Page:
GE & ENGIE Partner On 119 Megawatt South Australian Wind Farm

Photo-illustration: Pixabay

GE Renewable Energy has partnered with ENGIE in Australia to develop the 119 MW Willogoleche Wind Farm in South Australia, which is expected to be completed by the middle of 2018 and to generate enough electricity for 80,000 homes.

French multinational electric utility company ENGIE announced earlier this month that it had begun pre-construction work on its 119 MW (megawatt) Willogoleche Wind Farm, set to be constructed in South Australia, 160 kilometers north of the state’s capital, Adelaide. The wind farm, once completed in mid-2018, will generate enough electricity to power the equivalent of 80,000 homes.

On Friday, ENGIE in Australia announced that it had begun pre-construction work on the $250 (AUD) project, which will be made up of 32 wind turbines to be provided by GE Renewable Energy. GE, which announced its involvement on Saturday, will provide 24 3.8 MW wind turbines and 8 3.4 MW wind turbines.

“We are excited to be working with ENGIE on this project, and to continue our commitment to serving the energy needs of South Australia,” said Geoff Culbert, President & CEO, GE Australia, New Zealand & Papua New Guinea.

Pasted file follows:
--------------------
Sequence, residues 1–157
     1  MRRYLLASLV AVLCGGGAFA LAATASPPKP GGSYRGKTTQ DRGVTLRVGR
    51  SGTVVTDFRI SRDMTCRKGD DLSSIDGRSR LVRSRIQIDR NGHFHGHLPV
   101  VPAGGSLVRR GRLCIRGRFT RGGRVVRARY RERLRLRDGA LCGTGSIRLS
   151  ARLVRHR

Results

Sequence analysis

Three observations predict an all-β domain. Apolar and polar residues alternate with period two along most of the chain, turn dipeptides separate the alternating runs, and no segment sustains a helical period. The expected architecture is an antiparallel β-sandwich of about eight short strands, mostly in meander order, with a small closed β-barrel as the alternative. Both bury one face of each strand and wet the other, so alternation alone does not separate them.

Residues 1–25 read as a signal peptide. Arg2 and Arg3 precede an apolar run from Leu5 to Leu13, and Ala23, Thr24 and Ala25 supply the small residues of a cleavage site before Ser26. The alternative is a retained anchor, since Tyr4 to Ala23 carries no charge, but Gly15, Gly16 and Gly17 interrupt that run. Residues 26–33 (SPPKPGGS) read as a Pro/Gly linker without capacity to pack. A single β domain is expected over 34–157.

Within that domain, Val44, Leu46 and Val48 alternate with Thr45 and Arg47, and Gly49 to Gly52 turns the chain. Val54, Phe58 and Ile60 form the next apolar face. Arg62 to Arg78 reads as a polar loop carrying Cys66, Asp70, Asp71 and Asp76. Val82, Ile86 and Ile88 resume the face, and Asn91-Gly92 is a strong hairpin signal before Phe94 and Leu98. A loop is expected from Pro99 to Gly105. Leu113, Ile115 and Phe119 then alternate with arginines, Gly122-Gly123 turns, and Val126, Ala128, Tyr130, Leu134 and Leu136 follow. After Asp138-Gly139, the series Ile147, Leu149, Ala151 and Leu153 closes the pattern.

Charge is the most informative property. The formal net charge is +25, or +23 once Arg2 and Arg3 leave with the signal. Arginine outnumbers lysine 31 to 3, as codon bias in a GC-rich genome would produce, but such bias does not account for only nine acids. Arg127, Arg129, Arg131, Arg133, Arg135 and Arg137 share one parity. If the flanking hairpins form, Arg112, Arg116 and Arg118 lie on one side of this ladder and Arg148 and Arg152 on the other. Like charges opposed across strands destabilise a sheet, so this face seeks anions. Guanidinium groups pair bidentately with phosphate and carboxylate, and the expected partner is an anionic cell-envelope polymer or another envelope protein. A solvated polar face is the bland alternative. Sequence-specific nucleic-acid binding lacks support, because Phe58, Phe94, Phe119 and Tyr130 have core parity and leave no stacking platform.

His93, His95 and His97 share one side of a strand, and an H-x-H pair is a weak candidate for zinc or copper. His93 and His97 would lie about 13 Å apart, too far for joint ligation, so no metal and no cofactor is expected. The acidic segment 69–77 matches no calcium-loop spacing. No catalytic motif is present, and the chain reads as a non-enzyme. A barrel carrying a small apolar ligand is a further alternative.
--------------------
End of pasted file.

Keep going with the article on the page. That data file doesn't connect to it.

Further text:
“We have seen tremendous momentum in the Australian wind industry this year. This will be our fourth wind farm to begin construction in 2017, with more than 300 GE turbines either operating or under construction across the country, capable of powering the equivalent of more than 500,000 Australian homes with renewable energy.

“It is encouraging to see more projects like this reach financial close, and we look forward to continuing to bring the best renewables technology to Australia.”

South Australia remains one of the world’s leading renewable energy states, with a significant portion of its electricity being generated by wind energy. In fact, earlier this year the State’s target of sourcing 50% of its electricity from renewable energy was achieved well ahead of schedule. While renewable energy is a hot issue in Australia, given the current state of entrenched coal-backed politicians, states like South Australia are well on their way to driving the country’s renewable energy industry forward, despite the Federal Government’s lackluster performance.